The Law Must Come to Us!
Last time, we concluded our look at Paul’s laying-out of the principles as to why he considered the idea of the Law being itself sin, that the Law could be in a sense evil, so very abhorrent, saying in verses 7 and 8 of chapter 7,
What shall we say then? Is the Law sin? May it never be! Rather, I would not have come to know sin except through the Law. For I would not have known about coveting if the Law had not said, “YOU SHALL NOT COVET.”
But sin, taking opportunity through the commandment, worked out in me coveting of every kind. For apart from the Law sin is dead.
And in this, we see Paul having laid down 2 very basic principles. First, that far from being itself sin, through its utter holiness the Law is an absolutely essential part of the gospel, in that it exposes and brings us personal understanding of just what sin is, in verse 7. And then in verse 8, the second part of the answer is that Sin is so very powerful, that it can twist and use even the Law as a base of operations, a fulcrum from which sin can work even greater sin within us. The Law is indeed powerful, and because it is so very powerful, sin’s twisting of it provides such strength to sin, that sin seems dead in comparison when apart from the Law.
Now that he’s laid down his principles just as he had in Romans 6:16 where he had said, “Do you not know that when you go on presenting yourselves to someone as slaves for obedience, you are slaves of the one whom you obey, either of sin leading to death, or of obedience leading to righteousness?”
Even so now, Paul is going on to work out for us the implications and particulars of how this works out for us, and he does so, you note, not in a dry and dispassionate manner, but in a remarkably personal manner, one so very personal that we can only reasonably conclude that he is giving us his own personal testimony here,
Now I was once alive apart from the Law, but when the commandment came, sin revived and I died; and this commandment, which was to lead to life, was found to lead to death for me.
And of course, because of the language Paul uses, and how we are so very used to his use of words like death and life in the context of non-christian and christian, respectively, we may at once find ourselves in very real trouble if we don’t take the time and effort to realize just what it is the apostle is saying here! And once again, our context of the preceding verses are very critical in us reaching a right understanding!
But I want to call your attention to the central event of this sentence – it should be obvious to anyone, that the central even here is the coming of the commandment. And we will go very far astray indeed if we don’t get this right!
But we do get into a great deal of trouble when we don’t properly identify when the commandment came to him.
Why the trouble? Because we don’t stop and think carefully through what he is saying here!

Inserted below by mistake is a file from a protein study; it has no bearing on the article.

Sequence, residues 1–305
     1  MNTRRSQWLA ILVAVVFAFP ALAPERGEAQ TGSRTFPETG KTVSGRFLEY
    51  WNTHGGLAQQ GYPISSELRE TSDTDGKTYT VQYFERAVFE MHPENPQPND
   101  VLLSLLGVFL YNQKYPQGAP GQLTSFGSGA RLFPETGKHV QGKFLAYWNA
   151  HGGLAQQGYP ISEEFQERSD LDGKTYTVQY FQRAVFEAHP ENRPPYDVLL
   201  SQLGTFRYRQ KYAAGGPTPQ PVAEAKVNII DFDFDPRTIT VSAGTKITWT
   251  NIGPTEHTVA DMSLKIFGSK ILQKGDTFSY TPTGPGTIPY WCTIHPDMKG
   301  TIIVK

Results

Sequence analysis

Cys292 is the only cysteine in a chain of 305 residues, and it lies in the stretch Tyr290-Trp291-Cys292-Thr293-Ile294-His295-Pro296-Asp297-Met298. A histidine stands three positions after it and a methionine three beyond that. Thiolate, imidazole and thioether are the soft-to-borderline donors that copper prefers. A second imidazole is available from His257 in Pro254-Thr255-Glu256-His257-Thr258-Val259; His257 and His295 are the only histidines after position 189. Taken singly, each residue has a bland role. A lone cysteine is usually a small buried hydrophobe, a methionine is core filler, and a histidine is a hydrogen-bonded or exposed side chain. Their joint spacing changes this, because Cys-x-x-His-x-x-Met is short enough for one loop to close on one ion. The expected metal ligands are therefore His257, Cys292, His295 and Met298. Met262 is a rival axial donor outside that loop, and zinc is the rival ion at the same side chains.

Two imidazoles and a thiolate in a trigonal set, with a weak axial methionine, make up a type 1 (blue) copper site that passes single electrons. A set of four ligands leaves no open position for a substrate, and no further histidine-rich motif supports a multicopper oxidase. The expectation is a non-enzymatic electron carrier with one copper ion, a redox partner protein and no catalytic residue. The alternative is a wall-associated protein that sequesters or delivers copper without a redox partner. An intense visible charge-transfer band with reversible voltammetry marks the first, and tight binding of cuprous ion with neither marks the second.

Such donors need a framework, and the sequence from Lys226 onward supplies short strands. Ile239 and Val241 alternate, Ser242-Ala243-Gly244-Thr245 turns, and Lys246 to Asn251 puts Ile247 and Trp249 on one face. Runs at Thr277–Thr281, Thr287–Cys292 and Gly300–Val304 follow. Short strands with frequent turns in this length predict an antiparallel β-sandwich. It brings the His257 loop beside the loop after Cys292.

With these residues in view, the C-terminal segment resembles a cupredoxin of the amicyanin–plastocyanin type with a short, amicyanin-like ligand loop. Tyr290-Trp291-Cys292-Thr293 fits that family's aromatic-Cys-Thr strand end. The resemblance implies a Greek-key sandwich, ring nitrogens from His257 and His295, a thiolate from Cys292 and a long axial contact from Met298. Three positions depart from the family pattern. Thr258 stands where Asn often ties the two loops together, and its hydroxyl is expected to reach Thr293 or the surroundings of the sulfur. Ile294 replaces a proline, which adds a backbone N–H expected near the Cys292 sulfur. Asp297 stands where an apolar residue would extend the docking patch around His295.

For the Law was given to Moses, some 1400 years or so prior to Paul’s birth in Tarsus, which was probably within a decade of Jesus’ own birth in Bethlehem.
So now we have something of a problem; Paul had never lived in a time before the Law was in existence; he along with all of his playmates would have been taught the Law from the time they could haltingly put together a complete sentence!
Not only would he have been taught the Law by his parents and the local synagogue his family attended there in Tarsus, but he was brought up in the city of Jerusalem, the very center of Jewish life and Jewish Law, he relayed to the crowd outside the Roman’s barracks in Acts 22; he was even “instructed at the feet of Gamaliel according to the strictness of the Law of our fathers”, he told them.
And this, too, helps us paint this picture of Paul’s association with the Law. For Gamaliel was not an insignificant rabbi, in truth he was one of the most distinguished teachers of the Law, a person whose command and understanding of the Law was so revered and so respected by all the various parties of the Jews, that when he spoke, both Pharisee and Sadducee alike listened carefully, as attested in the case of the apostles in Acts 5. In fact, it was this same Gamaliel of whom it was later said, “When Rabban Gamaliel the Elder died, regard for the Torah [Jewish Law] ceased, and purity and piety died." And such “regard for the Law” was certain to be passed down to his student, the young man Saul of Tarsus among them.
And so with such an education as a young man, Paul most certainly learned that the Law had been around far longer than he himself!
So how is it, then, that we read here in Romans 7, of “when the commandment came” to him? Did he refer back to when Moses gave the Law to the people at Sinai? No, that would be absurd, for then relating his condition before the Law came would be impossible. And likewise, he can’t be referring to when the Law was given to Moses or the people of Israel, on account of his specific and personal references – “I was once alive...”, “…I died...”, that the commandment “…was found to lead to death for me.” No, he’s not talking about the people of Israel or of Moses; that explanation, too, must be similarly discarded.
No, the only reasonable answer, lies in this immediately personal context he has introduced, it is the difference between knowing the words of the Law, and comprehending its full weight and depth, that moment when you discover just what it means when it says, “you shall not covet.” He’s not talking about when he came under the rule and authority of the Law, but rather he’s talking about when he himself realized that he was under its condemnation!
In other words, we are not talking from an objective perspective, rather Paul is saying this from a more personal subjective and experiential viewpoint. The key to understanding the differences, then, is in seeing when Paul finally looks at the Law of God and has that “aha!” moment, the instant he really personally comprehends the Law and all of its impact. When did this realization come to him? He doesn’t say – but, based on the rest of his teaching I think we can reasonably narrow it down to sometime prior to his conversion in the middle of Acts 9.